Measuring the societal impacts of Universities’ Research into Arts and Humanities
The aim of this project was to develop better ways of evaluating arts and humanities research (AHR) that are more consistent across projects and disciplines and yet take account of the implicit or societal value and not just the measurable economic impact.
This was broken down into five key objectives:
- Develop a conceptual framework that would show how a range of societal stakeholders concerned with innovation place a value on AHR.
- Systematically uncover the implicit valuations made so far by key decision-makers that underpin the widespread failure to agree a common approach to valuing AHR.
- Map key stakeholder groups’ interactions within wider innovation and political systems to determine how AHR’s value is socially constructed.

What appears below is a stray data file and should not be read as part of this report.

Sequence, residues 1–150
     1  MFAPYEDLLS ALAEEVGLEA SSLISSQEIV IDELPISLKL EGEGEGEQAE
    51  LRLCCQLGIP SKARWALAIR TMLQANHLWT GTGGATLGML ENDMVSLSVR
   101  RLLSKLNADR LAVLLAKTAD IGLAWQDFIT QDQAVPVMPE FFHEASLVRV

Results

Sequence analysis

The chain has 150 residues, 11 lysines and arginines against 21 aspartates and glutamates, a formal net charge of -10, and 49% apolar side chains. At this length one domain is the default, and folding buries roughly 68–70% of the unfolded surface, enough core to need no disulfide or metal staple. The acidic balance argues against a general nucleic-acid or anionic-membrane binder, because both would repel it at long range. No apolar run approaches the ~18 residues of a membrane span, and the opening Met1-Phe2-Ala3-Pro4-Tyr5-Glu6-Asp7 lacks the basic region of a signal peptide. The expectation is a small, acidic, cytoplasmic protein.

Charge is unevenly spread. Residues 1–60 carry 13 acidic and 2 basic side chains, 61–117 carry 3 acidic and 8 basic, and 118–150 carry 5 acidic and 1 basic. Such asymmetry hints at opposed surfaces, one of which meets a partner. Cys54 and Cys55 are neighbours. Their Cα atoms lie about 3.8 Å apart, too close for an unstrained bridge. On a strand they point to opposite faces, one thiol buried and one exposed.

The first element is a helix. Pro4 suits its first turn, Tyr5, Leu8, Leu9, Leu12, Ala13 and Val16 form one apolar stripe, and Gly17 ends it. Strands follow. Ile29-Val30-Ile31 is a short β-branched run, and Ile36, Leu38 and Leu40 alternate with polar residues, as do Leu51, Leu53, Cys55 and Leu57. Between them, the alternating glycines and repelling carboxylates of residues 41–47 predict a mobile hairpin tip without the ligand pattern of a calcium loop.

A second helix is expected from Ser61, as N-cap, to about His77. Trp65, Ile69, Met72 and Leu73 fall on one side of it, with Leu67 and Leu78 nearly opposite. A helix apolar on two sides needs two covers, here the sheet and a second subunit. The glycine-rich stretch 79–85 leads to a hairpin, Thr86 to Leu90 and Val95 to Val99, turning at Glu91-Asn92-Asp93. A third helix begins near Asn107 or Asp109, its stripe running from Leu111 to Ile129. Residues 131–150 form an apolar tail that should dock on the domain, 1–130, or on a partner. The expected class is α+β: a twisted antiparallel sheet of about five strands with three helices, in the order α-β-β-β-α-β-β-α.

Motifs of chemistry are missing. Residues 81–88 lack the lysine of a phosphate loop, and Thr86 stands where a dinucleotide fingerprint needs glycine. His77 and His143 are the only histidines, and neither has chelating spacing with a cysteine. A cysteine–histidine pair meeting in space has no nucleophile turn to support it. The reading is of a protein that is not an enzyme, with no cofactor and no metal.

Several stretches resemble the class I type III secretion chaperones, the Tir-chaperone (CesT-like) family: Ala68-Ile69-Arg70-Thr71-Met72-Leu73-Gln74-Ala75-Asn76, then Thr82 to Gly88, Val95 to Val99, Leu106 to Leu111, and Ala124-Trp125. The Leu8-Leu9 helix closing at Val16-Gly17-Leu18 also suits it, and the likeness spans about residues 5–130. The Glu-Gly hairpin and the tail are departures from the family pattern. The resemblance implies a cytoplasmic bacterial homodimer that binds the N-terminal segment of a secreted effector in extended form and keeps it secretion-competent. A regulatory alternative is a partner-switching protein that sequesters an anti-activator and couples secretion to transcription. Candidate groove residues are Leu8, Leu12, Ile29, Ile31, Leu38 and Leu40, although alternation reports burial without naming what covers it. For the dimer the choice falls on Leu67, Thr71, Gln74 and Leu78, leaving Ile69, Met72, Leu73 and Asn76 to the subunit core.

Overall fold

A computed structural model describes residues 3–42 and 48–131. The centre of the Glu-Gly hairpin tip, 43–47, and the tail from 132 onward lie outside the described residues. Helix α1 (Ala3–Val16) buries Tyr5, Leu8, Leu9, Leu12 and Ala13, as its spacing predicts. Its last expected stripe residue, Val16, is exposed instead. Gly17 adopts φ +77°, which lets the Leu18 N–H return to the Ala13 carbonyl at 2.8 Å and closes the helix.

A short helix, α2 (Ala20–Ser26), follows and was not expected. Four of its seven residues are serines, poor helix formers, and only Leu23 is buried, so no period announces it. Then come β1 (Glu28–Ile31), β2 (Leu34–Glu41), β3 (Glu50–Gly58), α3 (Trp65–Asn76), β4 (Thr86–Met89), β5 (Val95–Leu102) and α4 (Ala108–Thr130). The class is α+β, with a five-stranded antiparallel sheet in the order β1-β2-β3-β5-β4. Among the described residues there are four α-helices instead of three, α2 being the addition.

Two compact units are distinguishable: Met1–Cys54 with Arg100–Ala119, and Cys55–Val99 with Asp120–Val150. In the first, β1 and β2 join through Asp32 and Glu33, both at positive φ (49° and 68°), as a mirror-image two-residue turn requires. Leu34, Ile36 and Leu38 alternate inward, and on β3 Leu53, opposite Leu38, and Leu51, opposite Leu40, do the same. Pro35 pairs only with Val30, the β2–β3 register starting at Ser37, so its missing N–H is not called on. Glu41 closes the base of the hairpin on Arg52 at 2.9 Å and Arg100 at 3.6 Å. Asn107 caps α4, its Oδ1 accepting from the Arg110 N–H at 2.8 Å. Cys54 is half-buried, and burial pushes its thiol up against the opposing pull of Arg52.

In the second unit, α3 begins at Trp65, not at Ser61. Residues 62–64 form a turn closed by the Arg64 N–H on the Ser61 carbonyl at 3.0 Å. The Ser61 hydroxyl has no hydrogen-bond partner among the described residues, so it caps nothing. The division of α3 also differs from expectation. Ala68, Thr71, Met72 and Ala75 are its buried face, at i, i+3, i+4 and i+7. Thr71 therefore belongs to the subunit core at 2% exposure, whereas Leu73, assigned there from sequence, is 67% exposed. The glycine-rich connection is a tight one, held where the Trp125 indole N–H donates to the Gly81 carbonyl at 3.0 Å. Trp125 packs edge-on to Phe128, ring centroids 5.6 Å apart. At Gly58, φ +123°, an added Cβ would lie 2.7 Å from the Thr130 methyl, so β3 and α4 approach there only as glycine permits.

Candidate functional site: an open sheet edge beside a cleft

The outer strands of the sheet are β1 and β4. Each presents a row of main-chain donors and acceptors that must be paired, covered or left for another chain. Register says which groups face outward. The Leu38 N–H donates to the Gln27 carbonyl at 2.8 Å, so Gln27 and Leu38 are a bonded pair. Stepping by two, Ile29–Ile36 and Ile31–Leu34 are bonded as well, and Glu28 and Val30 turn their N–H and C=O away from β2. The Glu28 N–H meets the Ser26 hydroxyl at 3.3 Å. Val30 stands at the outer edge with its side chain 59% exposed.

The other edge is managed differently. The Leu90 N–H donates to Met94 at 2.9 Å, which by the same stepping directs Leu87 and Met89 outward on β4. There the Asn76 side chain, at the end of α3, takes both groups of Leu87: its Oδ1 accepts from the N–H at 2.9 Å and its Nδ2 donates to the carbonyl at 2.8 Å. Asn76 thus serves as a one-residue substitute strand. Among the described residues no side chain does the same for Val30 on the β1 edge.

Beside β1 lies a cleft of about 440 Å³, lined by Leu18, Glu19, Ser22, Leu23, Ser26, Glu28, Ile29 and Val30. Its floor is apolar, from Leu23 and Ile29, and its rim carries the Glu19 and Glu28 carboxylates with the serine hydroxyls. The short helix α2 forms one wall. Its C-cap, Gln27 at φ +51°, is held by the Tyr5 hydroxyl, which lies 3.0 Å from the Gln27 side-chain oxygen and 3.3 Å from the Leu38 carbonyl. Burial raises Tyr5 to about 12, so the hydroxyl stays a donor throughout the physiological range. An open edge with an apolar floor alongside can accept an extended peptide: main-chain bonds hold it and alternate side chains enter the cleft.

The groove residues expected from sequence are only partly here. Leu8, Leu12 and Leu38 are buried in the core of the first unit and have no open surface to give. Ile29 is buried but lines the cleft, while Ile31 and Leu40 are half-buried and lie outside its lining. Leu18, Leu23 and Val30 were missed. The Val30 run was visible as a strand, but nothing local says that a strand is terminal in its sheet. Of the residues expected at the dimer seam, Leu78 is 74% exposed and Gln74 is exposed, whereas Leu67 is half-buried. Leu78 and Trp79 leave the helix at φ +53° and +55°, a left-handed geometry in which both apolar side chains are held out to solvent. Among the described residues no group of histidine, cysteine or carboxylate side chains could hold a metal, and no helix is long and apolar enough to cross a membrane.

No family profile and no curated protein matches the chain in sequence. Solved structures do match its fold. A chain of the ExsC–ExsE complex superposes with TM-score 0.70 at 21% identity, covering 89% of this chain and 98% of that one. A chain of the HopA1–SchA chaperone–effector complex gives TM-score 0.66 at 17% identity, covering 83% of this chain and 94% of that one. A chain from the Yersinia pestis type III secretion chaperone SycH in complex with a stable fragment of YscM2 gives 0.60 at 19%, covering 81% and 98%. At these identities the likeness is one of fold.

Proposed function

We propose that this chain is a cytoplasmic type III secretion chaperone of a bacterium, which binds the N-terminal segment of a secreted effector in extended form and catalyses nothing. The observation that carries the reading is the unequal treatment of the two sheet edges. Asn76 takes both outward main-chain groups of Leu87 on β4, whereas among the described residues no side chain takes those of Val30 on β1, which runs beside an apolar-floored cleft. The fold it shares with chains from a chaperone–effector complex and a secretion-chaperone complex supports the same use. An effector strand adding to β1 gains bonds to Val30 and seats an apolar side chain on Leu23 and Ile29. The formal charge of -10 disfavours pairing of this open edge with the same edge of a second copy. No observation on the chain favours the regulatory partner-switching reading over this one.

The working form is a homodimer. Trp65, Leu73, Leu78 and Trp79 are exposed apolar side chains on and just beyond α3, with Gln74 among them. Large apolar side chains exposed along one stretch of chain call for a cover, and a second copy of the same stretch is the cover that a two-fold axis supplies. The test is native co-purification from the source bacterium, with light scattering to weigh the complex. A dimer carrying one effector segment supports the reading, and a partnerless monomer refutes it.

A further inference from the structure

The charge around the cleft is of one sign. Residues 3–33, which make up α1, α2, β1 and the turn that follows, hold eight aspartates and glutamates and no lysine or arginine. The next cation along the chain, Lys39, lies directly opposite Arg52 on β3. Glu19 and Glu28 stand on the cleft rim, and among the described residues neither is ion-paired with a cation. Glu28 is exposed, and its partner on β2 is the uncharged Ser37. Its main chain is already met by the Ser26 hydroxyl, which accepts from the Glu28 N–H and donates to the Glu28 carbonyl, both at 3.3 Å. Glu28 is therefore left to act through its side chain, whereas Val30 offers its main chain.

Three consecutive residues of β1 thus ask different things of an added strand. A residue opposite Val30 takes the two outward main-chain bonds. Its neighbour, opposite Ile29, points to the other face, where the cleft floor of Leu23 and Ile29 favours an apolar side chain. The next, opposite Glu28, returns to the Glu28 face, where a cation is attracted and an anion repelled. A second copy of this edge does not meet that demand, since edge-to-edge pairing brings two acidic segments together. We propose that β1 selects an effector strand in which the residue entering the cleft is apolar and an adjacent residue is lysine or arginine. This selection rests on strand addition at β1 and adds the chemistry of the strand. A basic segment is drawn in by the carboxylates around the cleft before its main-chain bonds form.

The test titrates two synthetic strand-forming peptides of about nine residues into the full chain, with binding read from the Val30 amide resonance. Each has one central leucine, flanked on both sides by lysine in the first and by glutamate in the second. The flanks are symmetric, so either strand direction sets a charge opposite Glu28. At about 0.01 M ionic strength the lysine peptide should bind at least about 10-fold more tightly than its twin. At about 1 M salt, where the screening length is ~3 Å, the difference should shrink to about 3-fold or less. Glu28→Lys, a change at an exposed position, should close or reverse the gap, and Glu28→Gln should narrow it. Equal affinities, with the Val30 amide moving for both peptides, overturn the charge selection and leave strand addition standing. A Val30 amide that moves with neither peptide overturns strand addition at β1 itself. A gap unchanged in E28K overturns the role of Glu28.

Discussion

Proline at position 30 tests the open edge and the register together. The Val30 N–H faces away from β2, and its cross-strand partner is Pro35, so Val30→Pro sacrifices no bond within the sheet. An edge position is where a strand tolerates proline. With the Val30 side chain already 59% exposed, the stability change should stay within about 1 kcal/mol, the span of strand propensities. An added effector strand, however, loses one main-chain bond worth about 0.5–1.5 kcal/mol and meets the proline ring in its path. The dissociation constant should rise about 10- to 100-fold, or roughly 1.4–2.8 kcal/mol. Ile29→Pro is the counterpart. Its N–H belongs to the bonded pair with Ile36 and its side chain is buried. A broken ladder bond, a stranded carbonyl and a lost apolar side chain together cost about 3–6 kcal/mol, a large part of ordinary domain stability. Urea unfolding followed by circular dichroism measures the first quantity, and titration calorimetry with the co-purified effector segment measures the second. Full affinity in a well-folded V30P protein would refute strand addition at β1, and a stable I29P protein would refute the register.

- Consider alternative methodologies for valuing AHR that transcend directly quantifiable outputs and economic impacts to reflect these implicit valuations.
- Disseminate HERAVALUE’s findings to improve policies, instruments and indicators for AHR evaluation and contribute to debates over AHR’s wider value in the context of a global economic downturn.
HERAVALUE was inspired by the failure of policymakers to measure the ‘public value’ of AHR despite efforts to do so at national and European level. The resulting impasse had a detrimental effect on AHR funding, especially in the wake of the global banking crisis. The failure to reach agreement over valuing AHR increased its disadvantage compared with science, technology, engineering and medical (STEM) disciplines, for which there were much better agreed high level indicators for assessing value.
Dr Paul Benneworth
University of Twente